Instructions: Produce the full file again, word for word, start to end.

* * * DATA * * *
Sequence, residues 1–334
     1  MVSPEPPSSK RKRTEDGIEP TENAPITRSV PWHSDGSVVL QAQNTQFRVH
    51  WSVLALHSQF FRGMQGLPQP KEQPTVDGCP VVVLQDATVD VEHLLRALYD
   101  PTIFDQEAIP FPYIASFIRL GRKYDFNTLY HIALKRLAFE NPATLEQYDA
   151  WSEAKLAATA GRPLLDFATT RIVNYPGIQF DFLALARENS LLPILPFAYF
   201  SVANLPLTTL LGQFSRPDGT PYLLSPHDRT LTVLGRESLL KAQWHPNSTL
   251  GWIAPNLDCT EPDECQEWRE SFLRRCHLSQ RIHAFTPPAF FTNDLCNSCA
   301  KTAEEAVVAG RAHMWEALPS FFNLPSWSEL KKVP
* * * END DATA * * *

Sequence, residues 1–334
     1  MVSPEPPSSK RKRTEDGIEP TENAPITRSV PWHSDGSVVL QAQNTQFRVH
    51  WSVLALHSQF FRGMQGLPQP KEQPTVDGCP VVVLQDATVD VEHLLRALYD
   101  PTIFDQEAIP FPYIASFIRL GRKYDFNTLY HIALKRLAFE NPATLEQYDA
   151  WSEAKLAATA GRPLLDFATT RIVNYPGIQF DFLALARENS LLPILPFAYF
   201  SVANLPLTTL LGQFSRPDGT PYLLSPHDRT LTVLGRESLL KAQWHPNSTL
   251  GWIAPNLDCT EPDECQEWRE SFLRRCHLSQ RIHAFTPPAF FTNDLCNSCA
   301  KTAEEAVVAG RAHMWEALPS FFNLPSWSEL KKVP